I have read several stories in World Magazine (see Andree Seu's editorial, which as of September 14 2006 is still in the free area of the website) about the problem of modern day slavery and human trafficking, but felt powerless to act. And then at the Presbyterian Global Fellowship conference in Atlanta, I heard a Sharon Cohn from International Justice Mission speak about how her ministry is addressing the problem in a practical way (see my earlier post).
I came away convicted about this issue and I did a little bit of research on who is doing what -- in hopes of finding some way to be personally involved and encourage the church to be involved. International Justice Mission does fine work and we should support them, but they don't do domestic cases -- I wanted to find out what is happening locally.
First I found the Polaris Project which is "...a leading international organization combating human trafficking and modern-day slavery. Based in the United States and Japan, we bring together community members, survivors, and professionals to fight trafficking and slavery in the spirit of a modern-day Underground Railroad." (quote from their homepage). While not a faith-based organization, they're doing all kinds of local equipping so that churches can get involved. They are building a network, and just happen to have a chapter in Ohio -- that chapter is sponsoring a human trafficking conferencing in October. They're partnering with local law enforcement to put on the conference, so I believe it'll be pretty practical -- below is the save the date poster for you Ohio/Kentucky/Indianans who are interested:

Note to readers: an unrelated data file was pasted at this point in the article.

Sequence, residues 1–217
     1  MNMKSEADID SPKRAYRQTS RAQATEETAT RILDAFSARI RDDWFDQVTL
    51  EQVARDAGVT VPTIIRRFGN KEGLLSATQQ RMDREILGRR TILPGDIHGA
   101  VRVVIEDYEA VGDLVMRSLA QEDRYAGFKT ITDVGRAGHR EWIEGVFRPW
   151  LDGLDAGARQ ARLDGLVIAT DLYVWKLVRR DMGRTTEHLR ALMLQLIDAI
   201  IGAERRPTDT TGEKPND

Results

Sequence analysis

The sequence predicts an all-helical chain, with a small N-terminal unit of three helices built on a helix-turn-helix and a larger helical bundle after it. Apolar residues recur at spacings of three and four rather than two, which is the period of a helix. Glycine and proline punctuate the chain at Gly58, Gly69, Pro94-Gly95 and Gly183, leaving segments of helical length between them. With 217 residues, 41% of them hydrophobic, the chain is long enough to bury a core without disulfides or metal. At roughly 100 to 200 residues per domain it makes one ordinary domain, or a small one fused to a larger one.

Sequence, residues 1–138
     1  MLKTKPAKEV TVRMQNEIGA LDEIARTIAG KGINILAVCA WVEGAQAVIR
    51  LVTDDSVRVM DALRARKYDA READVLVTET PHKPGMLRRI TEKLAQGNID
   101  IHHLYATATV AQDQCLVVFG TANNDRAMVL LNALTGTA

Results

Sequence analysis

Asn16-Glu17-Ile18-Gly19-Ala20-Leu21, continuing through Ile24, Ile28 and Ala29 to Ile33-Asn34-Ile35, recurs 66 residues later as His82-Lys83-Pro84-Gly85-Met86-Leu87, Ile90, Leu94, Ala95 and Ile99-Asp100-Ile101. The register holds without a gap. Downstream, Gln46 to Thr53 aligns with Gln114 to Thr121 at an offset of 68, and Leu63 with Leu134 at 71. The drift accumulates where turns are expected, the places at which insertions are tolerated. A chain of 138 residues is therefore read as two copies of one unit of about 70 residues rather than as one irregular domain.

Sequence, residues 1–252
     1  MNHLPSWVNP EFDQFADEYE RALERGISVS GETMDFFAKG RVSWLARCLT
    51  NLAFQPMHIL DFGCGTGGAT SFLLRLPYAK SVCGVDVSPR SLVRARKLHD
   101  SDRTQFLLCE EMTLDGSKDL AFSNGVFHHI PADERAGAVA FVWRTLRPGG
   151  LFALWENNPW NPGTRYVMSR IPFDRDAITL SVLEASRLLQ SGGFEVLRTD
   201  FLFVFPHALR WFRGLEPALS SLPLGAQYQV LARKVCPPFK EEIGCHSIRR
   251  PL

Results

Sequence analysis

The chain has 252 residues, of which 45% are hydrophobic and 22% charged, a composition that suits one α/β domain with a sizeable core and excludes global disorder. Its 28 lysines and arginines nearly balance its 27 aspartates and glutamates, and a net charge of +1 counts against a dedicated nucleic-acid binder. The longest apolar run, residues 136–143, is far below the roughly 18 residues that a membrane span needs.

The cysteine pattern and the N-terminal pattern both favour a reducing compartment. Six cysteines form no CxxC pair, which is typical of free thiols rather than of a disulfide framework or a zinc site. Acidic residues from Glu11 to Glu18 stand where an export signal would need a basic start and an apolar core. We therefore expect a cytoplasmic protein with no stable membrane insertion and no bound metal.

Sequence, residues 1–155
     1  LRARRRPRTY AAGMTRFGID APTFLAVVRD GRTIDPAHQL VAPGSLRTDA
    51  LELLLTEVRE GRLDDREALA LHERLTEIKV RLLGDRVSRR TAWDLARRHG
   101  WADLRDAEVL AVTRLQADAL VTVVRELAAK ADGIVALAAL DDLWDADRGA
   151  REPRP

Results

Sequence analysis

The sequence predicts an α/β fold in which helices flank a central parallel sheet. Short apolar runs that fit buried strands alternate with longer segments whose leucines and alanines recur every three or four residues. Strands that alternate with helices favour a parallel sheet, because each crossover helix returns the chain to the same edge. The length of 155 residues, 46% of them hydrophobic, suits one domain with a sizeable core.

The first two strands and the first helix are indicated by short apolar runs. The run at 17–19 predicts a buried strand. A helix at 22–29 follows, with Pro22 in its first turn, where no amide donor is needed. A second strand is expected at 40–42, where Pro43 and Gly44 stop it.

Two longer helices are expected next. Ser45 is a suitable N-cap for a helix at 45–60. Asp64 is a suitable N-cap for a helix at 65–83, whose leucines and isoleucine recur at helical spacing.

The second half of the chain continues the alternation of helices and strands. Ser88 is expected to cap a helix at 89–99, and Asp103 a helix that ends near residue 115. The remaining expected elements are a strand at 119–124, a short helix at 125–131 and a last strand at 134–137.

I also found that the church is doing work. The Salvation Army has been fighting modern day sex slavery since the late 1800's (phooey on those who say that evangelical Christians dont care about social issues) -- they've got an extensive list of resources on their website.
The Salvation Army has also helped create the Initiative against Sexual Trafficking, a broad coalition of evangelical groups working to combat sexual trafficking (see their resource on things you can do)
I also put a phone call in to Chris Iosso at the PCUSA denominational headquarters -- asking what we as a denomination were doing. He was very timely in his response -- our Washington and UN Offices have been doing some policy work with lawmakers around this issue; meanwhile Women's Advocacy and Presbyterian Women's have someeducational resources and work with some broader networks to combat trafficking. Chris has also been terriffic with follow up -- sending me a few articles as he comes across them -- so a public thanks to the PCUSA folks working on this issue.
I'm not sure what's next other than the conference on the 30th, but those who want to join me for the journey are welcome.
Soli Deo Gloria